Aspirin is the most important drug used in the primary and secondary prophylaxis of coronary artery disease and ischaemic stroke. It reduces the risk of serious vascular events in high-risk patients by 20%-25%.[1] It is also known to reduce the risk of several gastrointestinal malignancies, particularly gastric, oesophageal, pancreatic, hepatic and colorectal cancers.2,3 Use of aspirin is not without its risks. There is an increased risk of major bleeding events, particularly from the gastrointestinal tract and in the brain.

Due to the unusual and variable metabolism and elimination kinetics of salicylate, there is person-to-person variation in the response to salicylate therapy. Women frequently exhibit higher plasma concentrations. Salicylate clearance is reduced and exposure is considerably increased in the elderly. In case of obesity and increased BMI, low doses of aspirin result in reduced inhibition of cyclo-oxygenase 1, probably because of increased platelet activation or turnover. Intravenous antiplatelet drugs and thrombolytics are already used in weight-based dosages. It is intriguing that, given the implications, there has been little focus so far on whether pharmacokinetics and dynamics of aspirin are affected by body weight.

Available formulations of aspirin are of 75, 81, 150 and 325 mg. There is no consensus, however, on the dose to be used for prophylaxis. The situation is further complicated by the issue whether to use enteric-coated preparations or standard-release ones, the bioavailability of the former having been shown to be lower than that of the latter.[4] It is agreed that for secondary prevention of cardiovascular disease, benefits of aspirin use outweigh the risks. However, for primary prophylaxis, there is ambiguity. Prevention of myocardial infarction by aspirin is numerically balanced by the serious gastrointestinal bleeds it precipitates.[5] Therefore, it is largely the discretion of the treating physician as to what dose should be prescribed. In practice, this decision is made after considering the pros and cons of aspirin therapy by assessing risk factors for individual patients, presence of comorbid conditions, risk of bleeding, age of the patient, other drugs being taken, etc. However, it is well known that despite aspirin prophylaxis, cardiovascular events still occur.[6]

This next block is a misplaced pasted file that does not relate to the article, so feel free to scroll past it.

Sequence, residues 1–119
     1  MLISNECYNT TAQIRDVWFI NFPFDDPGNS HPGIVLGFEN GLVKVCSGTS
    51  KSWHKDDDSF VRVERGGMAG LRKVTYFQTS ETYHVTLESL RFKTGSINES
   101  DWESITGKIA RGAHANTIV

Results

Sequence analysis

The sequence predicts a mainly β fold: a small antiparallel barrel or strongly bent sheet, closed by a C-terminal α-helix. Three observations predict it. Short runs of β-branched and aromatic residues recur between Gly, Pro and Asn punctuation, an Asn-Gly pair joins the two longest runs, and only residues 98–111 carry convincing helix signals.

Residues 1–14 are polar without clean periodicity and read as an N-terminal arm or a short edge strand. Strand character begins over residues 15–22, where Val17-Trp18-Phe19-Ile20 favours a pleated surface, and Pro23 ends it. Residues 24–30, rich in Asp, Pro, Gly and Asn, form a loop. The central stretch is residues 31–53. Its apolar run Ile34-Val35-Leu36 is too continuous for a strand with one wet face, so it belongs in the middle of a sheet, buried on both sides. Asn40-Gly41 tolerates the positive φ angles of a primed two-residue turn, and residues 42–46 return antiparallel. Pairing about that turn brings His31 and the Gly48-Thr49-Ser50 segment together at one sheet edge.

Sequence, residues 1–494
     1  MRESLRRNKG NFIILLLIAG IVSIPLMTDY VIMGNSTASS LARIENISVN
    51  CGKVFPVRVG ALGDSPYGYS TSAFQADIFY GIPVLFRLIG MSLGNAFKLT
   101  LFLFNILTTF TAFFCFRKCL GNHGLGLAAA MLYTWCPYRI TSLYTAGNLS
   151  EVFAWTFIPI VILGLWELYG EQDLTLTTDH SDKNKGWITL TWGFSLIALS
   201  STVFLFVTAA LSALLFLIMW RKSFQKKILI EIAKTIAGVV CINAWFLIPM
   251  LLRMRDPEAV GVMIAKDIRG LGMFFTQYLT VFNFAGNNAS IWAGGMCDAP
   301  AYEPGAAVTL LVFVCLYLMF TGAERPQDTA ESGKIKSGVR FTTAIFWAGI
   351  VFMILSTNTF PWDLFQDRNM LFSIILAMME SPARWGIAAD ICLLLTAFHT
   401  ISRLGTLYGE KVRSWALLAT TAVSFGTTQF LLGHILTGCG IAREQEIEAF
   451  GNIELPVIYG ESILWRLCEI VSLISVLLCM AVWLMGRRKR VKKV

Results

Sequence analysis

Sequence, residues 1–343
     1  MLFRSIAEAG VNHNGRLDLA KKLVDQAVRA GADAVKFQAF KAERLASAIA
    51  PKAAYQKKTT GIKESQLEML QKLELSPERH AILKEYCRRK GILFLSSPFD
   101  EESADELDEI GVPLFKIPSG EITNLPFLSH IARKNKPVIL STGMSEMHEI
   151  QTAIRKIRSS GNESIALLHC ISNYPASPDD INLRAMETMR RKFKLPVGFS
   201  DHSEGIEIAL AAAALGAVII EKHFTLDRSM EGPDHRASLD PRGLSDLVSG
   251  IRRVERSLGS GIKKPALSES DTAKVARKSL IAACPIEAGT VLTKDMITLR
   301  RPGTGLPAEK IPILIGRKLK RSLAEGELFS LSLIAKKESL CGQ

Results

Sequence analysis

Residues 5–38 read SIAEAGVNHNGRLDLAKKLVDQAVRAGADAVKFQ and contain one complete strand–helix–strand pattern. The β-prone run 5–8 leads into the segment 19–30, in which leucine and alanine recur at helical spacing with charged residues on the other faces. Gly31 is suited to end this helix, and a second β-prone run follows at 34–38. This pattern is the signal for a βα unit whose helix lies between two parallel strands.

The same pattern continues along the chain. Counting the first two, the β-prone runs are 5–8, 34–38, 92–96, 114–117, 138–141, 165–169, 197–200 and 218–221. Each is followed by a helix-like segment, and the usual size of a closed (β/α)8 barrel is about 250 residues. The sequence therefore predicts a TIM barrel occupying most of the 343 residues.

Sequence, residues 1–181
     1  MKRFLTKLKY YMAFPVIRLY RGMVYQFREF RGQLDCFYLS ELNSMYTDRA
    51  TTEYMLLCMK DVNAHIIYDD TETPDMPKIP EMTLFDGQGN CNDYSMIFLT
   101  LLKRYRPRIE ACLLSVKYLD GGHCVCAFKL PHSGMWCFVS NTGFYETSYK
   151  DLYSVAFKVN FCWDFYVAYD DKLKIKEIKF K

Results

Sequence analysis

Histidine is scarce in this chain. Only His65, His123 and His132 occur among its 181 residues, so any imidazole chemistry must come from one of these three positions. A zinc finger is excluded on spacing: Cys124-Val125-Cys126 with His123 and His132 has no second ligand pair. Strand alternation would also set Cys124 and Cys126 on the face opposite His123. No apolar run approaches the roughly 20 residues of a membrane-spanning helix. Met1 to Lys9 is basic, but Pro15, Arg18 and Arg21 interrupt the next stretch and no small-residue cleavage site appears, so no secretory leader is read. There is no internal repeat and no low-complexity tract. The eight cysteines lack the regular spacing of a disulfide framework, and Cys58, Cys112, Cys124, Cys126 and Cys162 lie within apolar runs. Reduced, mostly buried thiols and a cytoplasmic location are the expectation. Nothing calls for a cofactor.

In this meta-analysis, low-dose aspirin ( ≤ 100 mg/day) prevented cardiovascular events only in individuals with low body weight (<70 kg). For those with higher weights, there was no benefit in 80% of men and nearly 50% of all women. The problem is, for those with weights >70 kg, only doses of > 300 mg were effective, which are likely to increase the risk of gastrointestinal bleeding. A single 325-mg dose of aspirin approximately doubles the mean bleeding time of normal persons for 4-7 days.1 Even the so-called low doses of 75-100 mg per day were found to have some detrimental effects for people with low body weight ( ≤ 50 kg), like accelerating growths of gastrointestinal cancers and increasing risk of bleeding. Twice-a-day dosing was also found to be better for individuals with higher weights. No data exist for doses between 100 and 325 mg.

To summarize, for the prevention of cardiovascular events, an aspirin dose of ≤100 mg/day is practically useless for patients weighing over 70 kg and might be harmful for those weighing <50 kg. For those weighing >70 kg, the dose must be > 300 mg. Therefore, weight-based dosing is likely to be more appropriate. Since this was a retrospective analysis of older trials, the authors have acknowledged that these findings need to be confirmed by larger studies. Randomized controlled trials are needed and outcomes of existing trials have to be seen in this new light of importance of weight or other parameters of body size.

This study suggests that the approach of one-dose-fits-all needs to be discarded. Precision medicine seems to be the next evolutionary step in clinical practice and this study could be the harbinger of radical changes in the way drugs, even other than aspirin, are prescribed in the future.

Conflicts of interest. None declared